Tuesday, September 12, 2017

Shalom Shachne's Guide to Household Pests - Israel Edition

From Shalom Shachne:

As in every other facet of Israel, things are different than what we are used to in USA.  This includes the varieties of household pests.  Some of those are more familiar to Americans, for example, the ubiquitous pigeons roosting on roofs and balconies of all the houses in our neighborhood.  However, nothing we had in Massachusetts compares to a quiet, yet always unexpected house guest: the lizard.  Or more specifically, the gecko.

Geckos, are kind of cute, although a bit eery, due to their very large eyes.  And when they unexpectedly run across the floor of your house, your initial thought is that you just saw a centipede out of the corner of your eye.  However, once you focus on the little critter, you realize that all the legs you thought you saw are really just a set of four moving really fast.

Hemidactylus mabouia (i.e. gecko) courtesy of Wikipedia

I've tried to convince the girls that having a lizard in the house is actually kind of cool.  (When I was a kid, I always wanted to have various types of lizards as pets.  And actually, our former housemates, Howard and Paul Savin who had the bedroom next mine in our house in West Windsor NJ, had a family of garter snakes as pets in a terrarium in their room.)  But my best efforts are to no avail, and inevitably there is a lot of screaming when a gecko is unexpectedly encountered inside the house.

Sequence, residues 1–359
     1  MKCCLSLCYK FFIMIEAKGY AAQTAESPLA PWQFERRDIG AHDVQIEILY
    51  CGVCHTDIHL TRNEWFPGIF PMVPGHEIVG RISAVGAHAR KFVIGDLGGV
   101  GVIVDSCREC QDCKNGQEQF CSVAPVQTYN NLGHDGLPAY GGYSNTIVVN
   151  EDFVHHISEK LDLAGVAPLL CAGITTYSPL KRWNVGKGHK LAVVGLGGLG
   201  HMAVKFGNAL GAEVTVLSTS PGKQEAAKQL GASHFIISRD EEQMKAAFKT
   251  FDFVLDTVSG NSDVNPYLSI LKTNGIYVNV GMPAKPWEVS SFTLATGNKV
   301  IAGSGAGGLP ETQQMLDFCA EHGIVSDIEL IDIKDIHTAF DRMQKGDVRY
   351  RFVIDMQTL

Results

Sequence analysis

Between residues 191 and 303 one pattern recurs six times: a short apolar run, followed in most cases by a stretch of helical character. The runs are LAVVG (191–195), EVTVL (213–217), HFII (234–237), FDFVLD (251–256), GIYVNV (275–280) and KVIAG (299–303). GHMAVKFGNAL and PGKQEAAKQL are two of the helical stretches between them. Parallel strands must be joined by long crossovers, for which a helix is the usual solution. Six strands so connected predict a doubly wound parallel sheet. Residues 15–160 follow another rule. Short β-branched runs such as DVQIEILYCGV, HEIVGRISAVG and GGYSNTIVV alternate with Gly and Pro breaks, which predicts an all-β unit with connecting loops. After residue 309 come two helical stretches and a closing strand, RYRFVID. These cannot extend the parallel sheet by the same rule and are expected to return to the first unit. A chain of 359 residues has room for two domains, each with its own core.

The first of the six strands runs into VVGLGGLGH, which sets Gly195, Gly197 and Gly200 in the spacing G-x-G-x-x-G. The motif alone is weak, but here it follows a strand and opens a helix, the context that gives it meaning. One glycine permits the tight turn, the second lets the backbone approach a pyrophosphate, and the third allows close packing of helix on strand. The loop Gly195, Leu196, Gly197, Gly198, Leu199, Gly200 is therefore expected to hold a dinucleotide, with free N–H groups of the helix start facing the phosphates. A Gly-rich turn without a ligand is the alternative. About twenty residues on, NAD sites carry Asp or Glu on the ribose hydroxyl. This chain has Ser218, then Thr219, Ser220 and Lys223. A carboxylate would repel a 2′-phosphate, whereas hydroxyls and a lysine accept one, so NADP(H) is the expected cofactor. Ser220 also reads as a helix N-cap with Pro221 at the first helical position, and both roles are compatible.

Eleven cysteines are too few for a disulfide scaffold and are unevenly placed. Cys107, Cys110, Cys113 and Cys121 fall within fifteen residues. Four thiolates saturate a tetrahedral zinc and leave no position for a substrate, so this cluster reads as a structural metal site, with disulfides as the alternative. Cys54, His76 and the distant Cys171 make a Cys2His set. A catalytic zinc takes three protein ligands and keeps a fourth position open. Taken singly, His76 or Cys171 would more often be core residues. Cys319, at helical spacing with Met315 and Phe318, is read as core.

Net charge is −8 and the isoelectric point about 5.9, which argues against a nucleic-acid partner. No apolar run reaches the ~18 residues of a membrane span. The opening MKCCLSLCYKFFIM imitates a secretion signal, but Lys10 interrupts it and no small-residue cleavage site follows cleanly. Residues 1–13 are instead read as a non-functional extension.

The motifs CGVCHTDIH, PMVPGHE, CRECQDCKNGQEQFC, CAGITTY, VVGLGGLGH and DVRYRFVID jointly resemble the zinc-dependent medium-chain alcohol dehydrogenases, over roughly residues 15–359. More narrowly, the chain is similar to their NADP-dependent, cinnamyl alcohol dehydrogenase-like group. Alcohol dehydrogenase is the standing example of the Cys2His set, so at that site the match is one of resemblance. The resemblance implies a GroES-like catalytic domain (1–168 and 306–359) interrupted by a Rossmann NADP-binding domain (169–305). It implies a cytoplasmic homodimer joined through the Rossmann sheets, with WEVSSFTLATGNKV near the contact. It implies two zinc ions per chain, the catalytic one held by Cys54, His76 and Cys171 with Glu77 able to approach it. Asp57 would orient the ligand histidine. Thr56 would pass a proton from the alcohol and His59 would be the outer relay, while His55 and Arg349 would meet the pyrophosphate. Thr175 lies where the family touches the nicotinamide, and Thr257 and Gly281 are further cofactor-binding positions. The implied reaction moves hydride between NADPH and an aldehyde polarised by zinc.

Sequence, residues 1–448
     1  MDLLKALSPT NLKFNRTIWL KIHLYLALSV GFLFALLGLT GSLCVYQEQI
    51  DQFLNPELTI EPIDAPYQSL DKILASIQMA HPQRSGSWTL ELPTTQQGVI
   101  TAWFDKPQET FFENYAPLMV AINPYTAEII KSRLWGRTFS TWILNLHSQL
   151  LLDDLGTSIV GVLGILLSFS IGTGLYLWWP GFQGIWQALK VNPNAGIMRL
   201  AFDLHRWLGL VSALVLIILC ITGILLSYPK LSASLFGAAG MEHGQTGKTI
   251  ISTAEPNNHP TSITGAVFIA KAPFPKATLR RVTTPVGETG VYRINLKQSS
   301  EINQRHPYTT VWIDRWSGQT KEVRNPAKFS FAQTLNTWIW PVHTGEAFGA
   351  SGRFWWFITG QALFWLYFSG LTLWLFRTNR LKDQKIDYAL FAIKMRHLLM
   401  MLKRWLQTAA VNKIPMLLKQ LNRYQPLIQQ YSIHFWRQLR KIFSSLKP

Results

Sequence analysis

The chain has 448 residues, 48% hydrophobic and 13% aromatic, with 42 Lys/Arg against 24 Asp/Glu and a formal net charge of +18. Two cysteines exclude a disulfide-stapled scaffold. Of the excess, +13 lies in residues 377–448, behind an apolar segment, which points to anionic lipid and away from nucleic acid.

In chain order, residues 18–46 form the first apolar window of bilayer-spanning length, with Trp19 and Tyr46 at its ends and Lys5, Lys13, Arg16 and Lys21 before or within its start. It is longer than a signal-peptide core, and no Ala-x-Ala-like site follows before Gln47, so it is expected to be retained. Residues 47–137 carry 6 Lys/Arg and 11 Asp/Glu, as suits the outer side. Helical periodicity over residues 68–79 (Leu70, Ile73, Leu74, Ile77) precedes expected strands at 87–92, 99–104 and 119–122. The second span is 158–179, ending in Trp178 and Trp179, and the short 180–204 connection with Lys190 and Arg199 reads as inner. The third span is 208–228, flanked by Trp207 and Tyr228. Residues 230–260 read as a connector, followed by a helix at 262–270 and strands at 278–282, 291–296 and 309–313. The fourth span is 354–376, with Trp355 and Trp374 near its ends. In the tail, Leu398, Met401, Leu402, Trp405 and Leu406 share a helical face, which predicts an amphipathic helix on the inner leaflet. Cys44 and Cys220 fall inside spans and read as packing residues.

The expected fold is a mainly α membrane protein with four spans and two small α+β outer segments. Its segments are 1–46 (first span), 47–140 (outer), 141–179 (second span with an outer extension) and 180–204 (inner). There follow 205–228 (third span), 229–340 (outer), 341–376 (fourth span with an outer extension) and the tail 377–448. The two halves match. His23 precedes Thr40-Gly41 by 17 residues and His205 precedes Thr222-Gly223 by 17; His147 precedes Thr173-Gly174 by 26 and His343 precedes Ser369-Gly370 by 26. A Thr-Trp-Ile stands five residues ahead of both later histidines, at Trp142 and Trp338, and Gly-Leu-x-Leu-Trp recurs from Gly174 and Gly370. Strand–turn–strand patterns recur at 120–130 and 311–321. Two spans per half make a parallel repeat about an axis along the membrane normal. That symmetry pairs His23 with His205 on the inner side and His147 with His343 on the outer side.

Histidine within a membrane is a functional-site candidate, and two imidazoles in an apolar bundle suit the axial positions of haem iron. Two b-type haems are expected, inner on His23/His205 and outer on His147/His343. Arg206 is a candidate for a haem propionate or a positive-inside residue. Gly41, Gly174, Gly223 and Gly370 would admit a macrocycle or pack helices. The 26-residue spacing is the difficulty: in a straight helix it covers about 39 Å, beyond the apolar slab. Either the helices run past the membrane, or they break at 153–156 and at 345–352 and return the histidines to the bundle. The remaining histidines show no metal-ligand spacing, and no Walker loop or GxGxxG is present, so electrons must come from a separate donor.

To their credit, the girls feel a lot more sympathy for these guys when they are outdoors.  We recently had one take up residence in the archway outside our front door.  I haven't seen her in a while, but she used to come out night and hang upside down in the archway.  The girls got kind of used to her, and we nicknamed her Lizzie, in honor of Miss Frizzle's lizard mascot (in the Magic School Bus series).  Penina especially got attached to Lizzie, and we used to open the door at night to watch her crawl around upside down.